Religious fanaticism is something psychologically lowborn and ignorant — and usually in its action fierce, cruel and base.

— Sri Aurobindo, Letters on Yoga, p. 490

Those who use the term “fundamentalism” to describe the activities of religious groups or individuals must be very clear about what they mean by the word. Over the last thirty years, fundamentalism has ceased to indicate merely a particular sort of textual literalism in religious matters. More and more, it is used to refer to a religious orientation characterized by certain psychological attitudes and habits of action. There are similarities and differences among the meanings of fundamentalist, traditionalist, conservative, zealot, ideologue, and fanatic. Each of these describes in its own way a combination of belief and action that has often made religion a divisive and reactionary force.

Sri Aurobindo never wrote about fundamentalism per se (the term was coined after he had completed his major writings, and during his lifetime was confined to its original context: Protestant Christianity), but when he wrote of religious fanaticism he characterized it in ways that modern writers on fundamentalism would have no difficulty recognizing. He put his finger on the nature of fanaticism and much of what is now called fundamentalism in the sentence quoted above. Though the two words are not synonymous, both fanaticism and fundamentalism tend to be seen as characterized by “lowborn and ignorant” habits of thought and can lead to “fierce, cruel and base” modes of action.

Words with negative connotations often degenerate into vague terms of abuse. Words commonly employed in this way include “fascism” and “fundamentalism”. We wish to avoid any loose and imprecise use of the latter term. We undertake our analysis of the writings of the leaders of a loud and potentially disastrous movement among followers of Sri Aurobindo and the Mother and practitioners or would-be practitioners of their Integral Yoga in a spirit of seriousness, marked not by enmity but by sadness. We find many troubling characteristics in the rhetoric and activities of the leaders of this movement, and believe that there are grounds for regarding their actions, prima facie, as signs of fundamentalism.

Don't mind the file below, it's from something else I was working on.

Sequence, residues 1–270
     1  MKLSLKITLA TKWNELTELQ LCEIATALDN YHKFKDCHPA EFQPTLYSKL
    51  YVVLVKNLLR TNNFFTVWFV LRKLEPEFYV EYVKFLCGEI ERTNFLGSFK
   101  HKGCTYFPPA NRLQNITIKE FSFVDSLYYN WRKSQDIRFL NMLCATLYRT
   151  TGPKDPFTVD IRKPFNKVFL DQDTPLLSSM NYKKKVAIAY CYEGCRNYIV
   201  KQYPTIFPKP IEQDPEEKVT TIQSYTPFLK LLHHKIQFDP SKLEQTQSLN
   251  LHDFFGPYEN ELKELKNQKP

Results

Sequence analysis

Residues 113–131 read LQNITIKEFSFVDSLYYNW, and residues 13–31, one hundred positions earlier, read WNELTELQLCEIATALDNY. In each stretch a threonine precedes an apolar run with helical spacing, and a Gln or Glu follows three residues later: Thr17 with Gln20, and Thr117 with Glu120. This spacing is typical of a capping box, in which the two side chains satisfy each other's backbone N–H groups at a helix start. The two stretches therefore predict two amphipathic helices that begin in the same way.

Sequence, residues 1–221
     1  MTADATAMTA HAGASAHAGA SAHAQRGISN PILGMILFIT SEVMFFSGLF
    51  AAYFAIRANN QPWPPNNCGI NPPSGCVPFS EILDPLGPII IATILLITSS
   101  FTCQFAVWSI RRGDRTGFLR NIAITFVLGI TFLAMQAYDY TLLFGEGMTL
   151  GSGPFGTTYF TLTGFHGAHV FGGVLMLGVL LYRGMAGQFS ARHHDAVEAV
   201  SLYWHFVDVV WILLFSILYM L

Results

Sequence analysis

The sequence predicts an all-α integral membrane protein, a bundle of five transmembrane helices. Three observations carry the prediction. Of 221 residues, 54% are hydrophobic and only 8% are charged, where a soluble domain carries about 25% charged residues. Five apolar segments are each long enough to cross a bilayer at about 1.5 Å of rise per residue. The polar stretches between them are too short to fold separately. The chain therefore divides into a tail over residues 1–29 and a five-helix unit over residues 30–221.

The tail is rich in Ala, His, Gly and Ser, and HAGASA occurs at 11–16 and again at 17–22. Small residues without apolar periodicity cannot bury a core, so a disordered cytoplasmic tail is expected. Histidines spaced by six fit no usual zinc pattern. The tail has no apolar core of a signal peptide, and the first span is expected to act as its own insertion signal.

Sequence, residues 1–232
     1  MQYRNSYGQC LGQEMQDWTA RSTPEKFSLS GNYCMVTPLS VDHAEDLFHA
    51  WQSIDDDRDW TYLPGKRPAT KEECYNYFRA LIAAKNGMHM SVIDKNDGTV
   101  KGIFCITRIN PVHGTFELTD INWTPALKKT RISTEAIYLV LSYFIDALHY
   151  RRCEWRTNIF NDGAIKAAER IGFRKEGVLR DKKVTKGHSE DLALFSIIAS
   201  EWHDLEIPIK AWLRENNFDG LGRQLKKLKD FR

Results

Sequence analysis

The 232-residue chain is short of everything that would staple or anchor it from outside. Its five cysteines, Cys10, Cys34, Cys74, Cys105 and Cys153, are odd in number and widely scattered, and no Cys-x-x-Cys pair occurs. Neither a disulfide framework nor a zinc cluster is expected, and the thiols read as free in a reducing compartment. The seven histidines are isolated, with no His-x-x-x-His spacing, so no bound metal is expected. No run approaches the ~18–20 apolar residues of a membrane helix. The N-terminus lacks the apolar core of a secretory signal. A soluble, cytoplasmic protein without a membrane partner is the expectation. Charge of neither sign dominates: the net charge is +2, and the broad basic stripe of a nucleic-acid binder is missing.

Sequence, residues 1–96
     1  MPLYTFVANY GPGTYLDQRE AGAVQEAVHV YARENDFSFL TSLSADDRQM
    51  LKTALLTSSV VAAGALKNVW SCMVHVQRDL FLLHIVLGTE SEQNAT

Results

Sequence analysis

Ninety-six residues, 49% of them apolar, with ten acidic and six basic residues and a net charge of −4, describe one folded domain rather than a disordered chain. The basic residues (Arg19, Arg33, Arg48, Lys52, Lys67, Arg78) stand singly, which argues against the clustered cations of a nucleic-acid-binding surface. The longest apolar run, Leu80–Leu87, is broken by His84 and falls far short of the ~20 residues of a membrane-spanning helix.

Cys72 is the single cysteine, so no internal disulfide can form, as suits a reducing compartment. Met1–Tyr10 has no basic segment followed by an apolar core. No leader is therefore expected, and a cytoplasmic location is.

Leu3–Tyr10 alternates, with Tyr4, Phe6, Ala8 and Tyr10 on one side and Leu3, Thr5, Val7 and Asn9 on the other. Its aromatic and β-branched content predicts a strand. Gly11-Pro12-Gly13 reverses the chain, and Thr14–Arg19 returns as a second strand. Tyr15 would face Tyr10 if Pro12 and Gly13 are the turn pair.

In what follows, we will see how closely the claims made and the language used by these individuals approach the characteristics of fundamentalism that are acknowledged by authorities on the subject. In our conclusion, we will consider whether the term “fundamentalism” can rightly be applied to the mindset and actions of these individuals.

We use for illustration the following letters, emails and compilations by the principal leaders of the movement (the abbreviations in parentheses are used for references in the discussion below):

These materials have been widely circulated by the leaders of the movement. Hundreds of copies have been mass emailed to people in various parts of the world, and hard copies freely distributed in Pondicherry.

Passages from these texts will be discussed under several heads, each of which represents a psychological posture or habit of action characteristic of fundamentalists, as described by Richard T. Antoun, Martin E. Marty, Judith Nagata and other authorities. (See this page.)

Characteristics of the Fundamentalist

  1. Rejection of complexity

  2. Demand for doctrinal purity

  3. Feelings of being threatened

  4. Control of information

  5. Exclusivism

  6. Opposition to discussion

  7. Abusive language

  8. Rousing the masses

  9. Atmosphere of violence

  10. Demonizing the enemy

  11. Heroic role in a great cosmic drama